Thursday, March 22, 2018


This is coolbert:

"it is the bitterest of military insults contain the accusation of crowd like conduct - - rabble, riff-raff, scum,. canaille, Pobel - - the deepest contempt soldiers can harbor is reserved for leaders whose armies, dissolve between their fingers - - Cadorna, Kerensky, Gough, Gamelin, Perceval. - - Sir John Keegan."

Gough General Sir Hubert Gough. His reputation from the Great War [WW1] very poor. But undeserved?

"General Sir Hubert de la Poer Gough . . . was a senior officer in the British Army in the First World War. A favourite of the British Commander-in-Chief, Field Marshal Sir Douglas Haig, he experienced a meteoric rise through the ranks during the war and commanded the British Fifth Army from 1916 to 1918."

Thanks to the tip from Mann!

"Stabbed In The Front: Operation Michael, The Ultimate Pyrrhic Victory"

That destruction the British Fifth Army during the German Spring Offensive of 1918 [one-hundred years ago now] almost deciding the Great War on terms favorable to the German. Gough seen as the villain, an incompetent and ineffective leader.

Again, the reputation and legacy undeserved?

"The offensive continued for the next two weeks, but finally ground to a halt. Key to the British success was the coolness of General Gough of the British 5th Army that bore the brunt of the German attack, although Gough ended up being sacked as a scapegoat for the German advance, conservative historian Andrew Roberts pays tribute to him in his 2006 book, 'A History of the English Speaking Peoples since 1900'"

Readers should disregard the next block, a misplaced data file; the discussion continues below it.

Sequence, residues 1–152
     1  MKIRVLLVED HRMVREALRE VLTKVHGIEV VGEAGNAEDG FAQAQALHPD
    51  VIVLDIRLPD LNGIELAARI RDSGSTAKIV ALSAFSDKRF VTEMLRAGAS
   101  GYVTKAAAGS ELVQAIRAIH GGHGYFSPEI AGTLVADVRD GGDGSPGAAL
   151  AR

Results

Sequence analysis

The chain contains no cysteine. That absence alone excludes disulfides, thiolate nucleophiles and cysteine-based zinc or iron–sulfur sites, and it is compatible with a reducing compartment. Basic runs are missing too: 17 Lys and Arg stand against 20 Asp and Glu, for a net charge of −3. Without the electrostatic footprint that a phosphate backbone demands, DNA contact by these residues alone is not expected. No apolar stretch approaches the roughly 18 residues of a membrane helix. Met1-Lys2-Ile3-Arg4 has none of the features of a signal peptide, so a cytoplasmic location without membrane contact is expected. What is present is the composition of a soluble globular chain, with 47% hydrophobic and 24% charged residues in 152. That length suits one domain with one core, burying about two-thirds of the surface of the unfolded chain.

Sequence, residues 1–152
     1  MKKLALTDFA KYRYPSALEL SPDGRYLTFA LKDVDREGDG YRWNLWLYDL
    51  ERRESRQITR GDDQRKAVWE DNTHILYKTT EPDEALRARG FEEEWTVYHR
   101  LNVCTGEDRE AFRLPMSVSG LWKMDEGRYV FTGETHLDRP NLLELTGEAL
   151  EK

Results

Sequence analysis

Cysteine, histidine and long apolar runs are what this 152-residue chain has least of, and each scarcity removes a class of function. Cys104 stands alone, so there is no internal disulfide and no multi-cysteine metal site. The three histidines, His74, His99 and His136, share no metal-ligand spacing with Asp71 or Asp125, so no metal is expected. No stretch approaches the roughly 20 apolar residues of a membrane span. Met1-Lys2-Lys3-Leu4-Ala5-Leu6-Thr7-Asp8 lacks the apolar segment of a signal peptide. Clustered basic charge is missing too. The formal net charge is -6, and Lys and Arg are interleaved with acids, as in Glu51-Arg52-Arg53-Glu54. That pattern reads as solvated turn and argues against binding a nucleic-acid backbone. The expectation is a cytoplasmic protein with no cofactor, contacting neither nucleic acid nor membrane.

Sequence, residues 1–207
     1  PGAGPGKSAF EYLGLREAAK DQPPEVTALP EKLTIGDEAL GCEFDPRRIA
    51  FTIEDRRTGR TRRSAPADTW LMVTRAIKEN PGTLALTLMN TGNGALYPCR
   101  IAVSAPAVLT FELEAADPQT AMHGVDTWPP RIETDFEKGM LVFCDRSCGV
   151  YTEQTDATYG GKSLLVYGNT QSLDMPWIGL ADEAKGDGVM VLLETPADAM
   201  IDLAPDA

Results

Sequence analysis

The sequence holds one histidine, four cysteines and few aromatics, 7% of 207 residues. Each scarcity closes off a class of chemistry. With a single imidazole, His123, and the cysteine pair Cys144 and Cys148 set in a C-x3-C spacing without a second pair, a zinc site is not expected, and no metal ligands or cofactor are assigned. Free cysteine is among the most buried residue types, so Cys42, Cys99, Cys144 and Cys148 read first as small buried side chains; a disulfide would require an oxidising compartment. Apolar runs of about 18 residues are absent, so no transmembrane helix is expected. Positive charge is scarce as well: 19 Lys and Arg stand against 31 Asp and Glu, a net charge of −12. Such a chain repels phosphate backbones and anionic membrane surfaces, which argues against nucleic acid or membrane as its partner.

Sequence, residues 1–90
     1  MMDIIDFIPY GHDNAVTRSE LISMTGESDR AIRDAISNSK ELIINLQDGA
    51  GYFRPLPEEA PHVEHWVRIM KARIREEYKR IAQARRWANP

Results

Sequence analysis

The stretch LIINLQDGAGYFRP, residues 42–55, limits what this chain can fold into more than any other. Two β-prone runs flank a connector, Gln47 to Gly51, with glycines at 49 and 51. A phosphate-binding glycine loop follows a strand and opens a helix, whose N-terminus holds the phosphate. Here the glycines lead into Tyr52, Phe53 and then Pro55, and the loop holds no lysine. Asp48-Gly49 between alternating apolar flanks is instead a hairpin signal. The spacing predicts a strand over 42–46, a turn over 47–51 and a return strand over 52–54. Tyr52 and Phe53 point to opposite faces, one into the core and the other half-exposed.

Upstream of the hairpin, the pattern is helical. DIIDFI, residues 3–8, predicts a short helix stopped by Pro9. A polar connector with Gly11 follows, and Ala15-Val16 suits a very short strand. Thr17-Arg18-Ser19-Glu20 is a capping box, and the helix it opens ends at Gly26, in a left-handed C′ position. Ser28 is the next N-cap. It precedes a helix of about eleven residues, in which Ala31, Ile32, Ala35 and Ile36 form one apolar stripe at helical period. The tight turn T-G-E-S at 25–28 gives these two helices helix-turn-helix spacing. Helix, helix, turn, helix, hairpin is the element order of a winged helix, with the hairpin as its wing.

"The offensive saw a great wrong perpetrated on a distinguished British commander that was not righted for many years. Gough's Fifth Army had been spread thin on a 42-mile front lately taken over from the exhausted and demoralized French. The reason why the Germans did not break through to Paris, as by all the laws of strategy they ought to have done, was the heroism of the Fifth Army and its utter refusal to break. They fought a 38-mile rearguard action, contesting every village, field and, on occasion, yard...With no reserves and no strongly defended line to its rear, and with eighty German divisions against fifteen British, the Fifth Army fought the Somme offensive to a standstill on the Ancre, not retreating beyond Villers-Bretonneux."

Retreat in orderly manner good and not shameful. Retreat in a disorderly manner bad and shameful. The Fifth Army orderly and best as it could be? Gough rehabilitated? You the devoted reader to the blog decided for yourself.


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